Reading Nature, Observing Science: Examining Material Practices in the Lick Observatory Archives and Kenneth S. Norris PapersMain MenuIntroduction to the Lick Observatory ArchivesThe Lick Observatory: Imaging the CosmosThe Lick Observatory: Eclipse ExpeditionsEclipse Intro page (first in a path)Introduction to Kenneth S. Norris PapersKenneth S. Norris Papers: Natural History in PracticeKenneth S. Norris Papers: Pedagogy and ConservationConnections: In Relation to NatureThese images demonstrate the different constructions of nature in the two archivesConnections: Materials of ObservationVisualization of the ConnectionsVisualizes the connections between all the contentReading Nature, Observing ScienceCaptions and information for the cases of objects on display at UCSC Special CollectionsAlex Moore6cd84a9f7efd71803c15562e48a509db9e0bb5a6Christine Turkb279a3dcf419860f915007f04f08e6fc0f8662ceDanielle Crawford22ce6a14f83c9ff73c3545a665951a092258f08e
Andromeda Nebula, photographed by Edward Barnard, 1894.
1media/UA36/UA36_Bx463B_andromeda1894.jpg2016-05-11T22:14:56-07:00Craig Dietrich2d66800a3e5a1eaee3a9ca2f91f391c8a689349091844Professor Edward Barnard produced most of the Lick's early photographic images. He used the smaller Willard telescope, fitted with the type of lens typically used to make portraits, to create this image. N.B.: This is now known as the Andromeda Galaxy. Astronomers did not yet understand the difference between nebulae and galaxies, believing that they were of the same nature.plain2016-06-06T10:36:11-07:001894Lick ObservatoryE.E. BarnardChristine Turkb279a3dcf419860f915007f04f08e6fc0f8662ce
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12016-06-01T17:58:36-07:00Christine Turkb279a3dcf419860f915007f04f08e6fc0f8662cePhotographing the CosmosChristine Turk50gallery2016-06-08T16:00:07-07:00Christine Turkb279a3dcf419860f915007f04f08e6fc0f8662ce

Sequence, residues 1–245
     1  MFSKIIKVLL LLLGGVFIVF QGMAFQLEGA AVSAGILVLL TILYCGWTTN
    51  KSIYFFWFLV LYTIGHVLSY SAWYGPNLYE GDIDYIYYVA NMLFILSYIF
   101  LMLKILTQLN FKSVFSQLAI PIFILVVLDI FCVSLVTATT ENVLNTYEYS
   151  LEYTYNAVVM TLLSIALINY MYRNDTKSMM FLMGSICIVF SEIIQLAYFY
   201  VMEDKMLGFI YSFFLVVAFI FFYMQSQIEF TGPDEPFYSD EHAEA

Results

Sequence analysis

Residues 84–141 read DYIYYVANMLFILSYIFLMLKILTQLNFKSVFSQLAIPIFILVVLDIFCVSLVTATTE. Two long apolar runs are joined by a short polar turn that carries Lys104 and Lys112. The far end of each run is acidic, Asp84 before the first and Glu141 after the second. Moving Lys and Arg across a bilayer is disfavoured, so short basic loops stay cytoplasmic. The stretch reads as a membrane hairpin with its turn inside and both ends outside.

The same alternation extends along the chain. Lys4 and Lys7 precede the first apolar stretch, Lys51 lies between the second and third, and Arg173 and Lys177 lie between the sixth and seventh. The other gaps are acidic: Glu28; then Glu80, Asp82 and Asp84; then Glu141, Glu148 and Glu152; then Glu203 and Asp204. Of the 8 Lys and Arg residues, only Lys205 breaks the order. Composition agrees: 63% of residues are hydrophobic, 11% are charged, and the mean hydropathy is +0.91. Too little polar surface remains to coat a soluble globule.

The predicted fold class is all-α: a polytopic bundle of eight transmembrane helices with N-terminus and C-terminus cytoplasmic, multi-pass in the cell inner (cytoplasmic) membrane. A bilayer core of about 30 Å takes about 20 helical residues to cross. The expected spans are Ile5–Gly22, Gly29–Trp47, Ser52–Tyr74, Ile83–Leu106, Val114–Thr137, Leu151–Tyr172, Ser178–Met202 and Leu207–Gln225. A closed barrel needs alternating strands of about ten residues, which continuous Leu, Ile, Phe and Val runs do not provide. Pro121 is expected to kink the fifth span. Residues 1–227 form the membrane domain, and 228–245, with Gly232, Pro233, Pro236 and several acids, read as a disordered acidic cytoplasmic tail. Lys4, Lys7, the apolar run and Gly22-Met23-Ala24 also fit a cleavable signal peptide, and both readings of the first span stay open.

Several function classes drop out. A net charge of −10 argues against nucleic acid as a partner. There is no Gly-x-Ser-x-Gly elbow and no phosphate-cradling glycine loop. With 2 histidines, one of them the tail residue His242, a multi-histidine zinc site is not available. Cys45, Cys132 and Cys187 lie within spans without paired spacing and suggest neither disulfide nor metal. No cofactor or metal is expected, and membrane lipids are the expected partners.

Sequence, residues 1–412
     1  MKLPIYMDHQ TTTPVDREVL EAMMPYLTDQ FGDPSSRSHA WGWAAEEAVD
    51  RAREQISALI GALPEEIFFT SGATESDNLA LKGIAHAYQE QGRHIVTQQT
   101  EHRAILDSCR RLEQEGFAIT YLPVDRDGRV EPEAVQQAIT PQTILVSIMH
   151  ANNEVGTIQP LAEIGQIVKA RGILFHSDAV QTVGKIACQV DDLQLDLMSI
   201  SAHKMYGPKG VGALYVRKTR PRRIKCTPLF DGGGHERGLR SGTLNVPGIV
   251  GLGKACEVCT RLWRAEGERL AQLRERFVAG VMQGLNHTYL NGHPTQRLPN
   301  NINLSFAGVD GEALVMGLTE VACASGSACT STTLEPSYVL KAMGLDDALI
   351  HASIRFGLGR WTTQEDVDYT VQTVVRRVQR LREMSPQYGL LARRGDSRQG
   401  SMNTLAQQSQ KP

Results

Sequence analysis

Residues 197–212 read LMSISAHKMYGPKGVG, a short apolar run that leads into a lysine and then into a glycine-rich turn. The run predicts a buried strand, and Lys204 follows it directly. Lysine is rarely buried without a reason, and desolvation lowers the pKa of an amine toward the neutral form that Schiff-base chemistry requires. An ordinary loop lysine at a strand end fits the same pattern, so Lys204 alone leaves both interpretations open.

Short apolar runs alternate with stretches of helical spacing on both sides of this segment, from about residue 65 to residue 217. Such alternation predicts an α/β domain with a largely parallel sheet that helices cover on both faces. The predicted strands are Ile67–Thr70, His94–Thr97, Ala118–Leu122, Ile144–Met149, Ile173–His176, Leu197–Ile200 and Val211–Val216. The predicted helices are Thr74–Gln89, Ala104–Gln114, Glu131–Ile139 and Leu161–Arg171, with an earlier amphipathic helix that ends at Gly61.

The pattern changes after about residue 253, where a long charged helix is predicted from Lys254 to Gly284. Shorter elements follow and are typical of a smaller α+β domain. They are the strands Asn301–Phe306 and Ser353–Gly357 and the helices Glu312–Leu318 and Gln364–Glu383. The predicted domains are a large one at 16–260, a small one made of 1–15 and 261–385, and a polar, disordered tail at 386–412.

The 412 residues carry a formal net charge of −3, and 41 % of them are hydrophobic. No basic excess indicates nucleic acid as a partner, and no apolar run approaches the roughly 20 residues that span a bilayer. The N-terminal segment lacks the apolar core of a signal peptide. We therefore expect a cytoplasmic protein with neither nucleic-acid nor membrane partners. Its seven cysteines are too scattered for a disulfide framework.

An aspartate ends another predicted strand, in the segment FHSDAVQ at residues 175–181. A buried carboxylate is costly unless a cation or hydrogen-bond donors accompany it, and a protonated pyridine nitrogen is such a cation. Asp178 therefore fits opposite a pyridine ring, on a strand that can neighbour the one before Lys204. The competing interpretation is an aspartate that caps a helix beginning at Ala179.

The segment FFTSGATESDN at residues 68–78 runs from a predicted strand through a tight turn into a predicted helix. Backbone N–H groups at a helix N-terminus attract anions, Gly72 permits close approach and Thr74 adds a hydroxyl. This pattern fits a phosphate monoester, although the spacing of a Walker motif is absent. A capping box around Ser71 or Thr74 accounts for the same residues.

12016-06-08T15:17:08-07:00Christine Turkb279a3dcf419860f915007f04f08e6fc0f8662ceCreating the ImagesChristine Turk9gallery2016-06-17T11:26:56-07:00Christine Turkb279a3dcf419860f915007f04f08e6fc0f8662ce
12016-06-07T14:21:41-07:00Christine Turkb279a3dcf419860f915007f04f08e6fc0f8662ceCase 3: Illustrating and Photographing the CosmosChristine Turk23This case contains documents, images, and objects related to astronomical illustration and early astrophotography at the Lick Observatory.gallery2916972016-06-09T01:09:41-07:00Christine Turkb279a3dcf419860f915007f04f08e6fc0f8662ce
12016-06-06T10:34:02-07:00Andromeda Nebula, photographed by Edward Barnard, 1894.1plain2016-06-06T10:34:02-07:00Professor Edward Barnard produced a great deal of the Lick's early photographic images. He used the smaller Willard telescope, fitted with the type of lens typically used to make portraits, to create this image of the Andromeda Nebula. N.B.: This is now known as the Andromeda Galaxy. Astronomers did not yet understand the difference between nebulae and galaxies, believing that they were of the same nature. Most thought that all of these distant structures were contained within the Milky Way galaxy itself. The difference was confirmed in the 1920s; the work of one of the Lick's astronomers, Heber Curtis, contributed in part to this development.